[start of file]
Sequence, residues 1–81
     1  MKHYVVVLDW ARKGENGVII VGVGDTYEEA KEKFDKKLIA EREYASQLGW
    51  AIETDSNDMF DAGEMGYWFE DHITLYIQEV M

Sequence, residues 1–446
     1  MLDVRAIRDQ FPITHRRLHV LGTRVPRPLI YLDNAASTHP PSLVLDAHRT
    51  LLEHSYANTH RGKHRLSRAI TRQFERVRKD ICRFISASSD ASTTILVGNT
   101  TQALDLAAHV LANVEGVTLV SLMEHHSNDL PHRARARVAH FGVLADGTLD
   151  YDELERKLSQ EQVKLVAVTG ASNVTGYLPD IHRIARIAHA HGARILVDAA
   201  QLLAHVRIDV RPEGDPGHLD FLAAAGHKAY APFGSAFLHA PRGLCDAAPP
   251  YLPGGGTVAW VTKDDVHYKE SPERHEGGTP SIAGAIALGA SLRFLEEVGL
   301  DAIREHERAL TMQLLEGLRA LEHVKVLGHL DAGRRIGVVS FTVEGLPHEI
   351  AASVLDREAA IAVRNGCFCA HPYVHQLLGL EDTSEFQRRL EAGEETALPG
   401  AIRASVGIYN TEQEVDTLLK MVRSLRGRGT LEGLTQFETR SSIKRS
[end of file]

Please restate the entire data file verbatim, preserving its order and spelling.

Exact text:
Sequence, residues 1–81
     1  MKHYVVVLDW ARKGENGVII VGVGDTYEEA KEKFDKKLIA EREYASQLGW
    51  AIETDSNDMF DAGEMGYWFE DHITLYIQEV M

Sequence, residues 1–446
     1  MLDVRAIRDQ FPITHRRLHV LGTRVPRPLI YLDNAASTHP PSLVLDAHRT
    51  LLEHSYANTH RGKHRLSRAI TRQFERVRKD ICRFISASSD ASTTILVGNT
   101  TQALDLAAHV LANVEGVTLV SLMEHHSNDL PHRARARVAH FGVLADGTLD
   151  YDELERKLSQ EQVKLVAVTG ASNVTGYLPD IHRIARIAHA HGARILVDAA
   201  QLLAHVRIDV RPEGDPGHLD FLAAAGHKAY APFGSAFLHA PRGLCDAAPP
   251  YLPGGGTVAW VTKDDVHYKE SPERHEGGTP SIAGAIALGA SLRFLEEVGL
   301  DAIREHERAL TMQLLEGLRA LEHVKVLGHL DAGRRIGVVS FTVEGLPHEI
   351  AASVLDREAA IAVRNGCFCA HPYVHQLLGL EDTSEFQRRL EAGEETALPG
   401  AIRASVGIYN TEQEVDTLLK MVRSLRGRGT LEGLTQFETR SSIKRS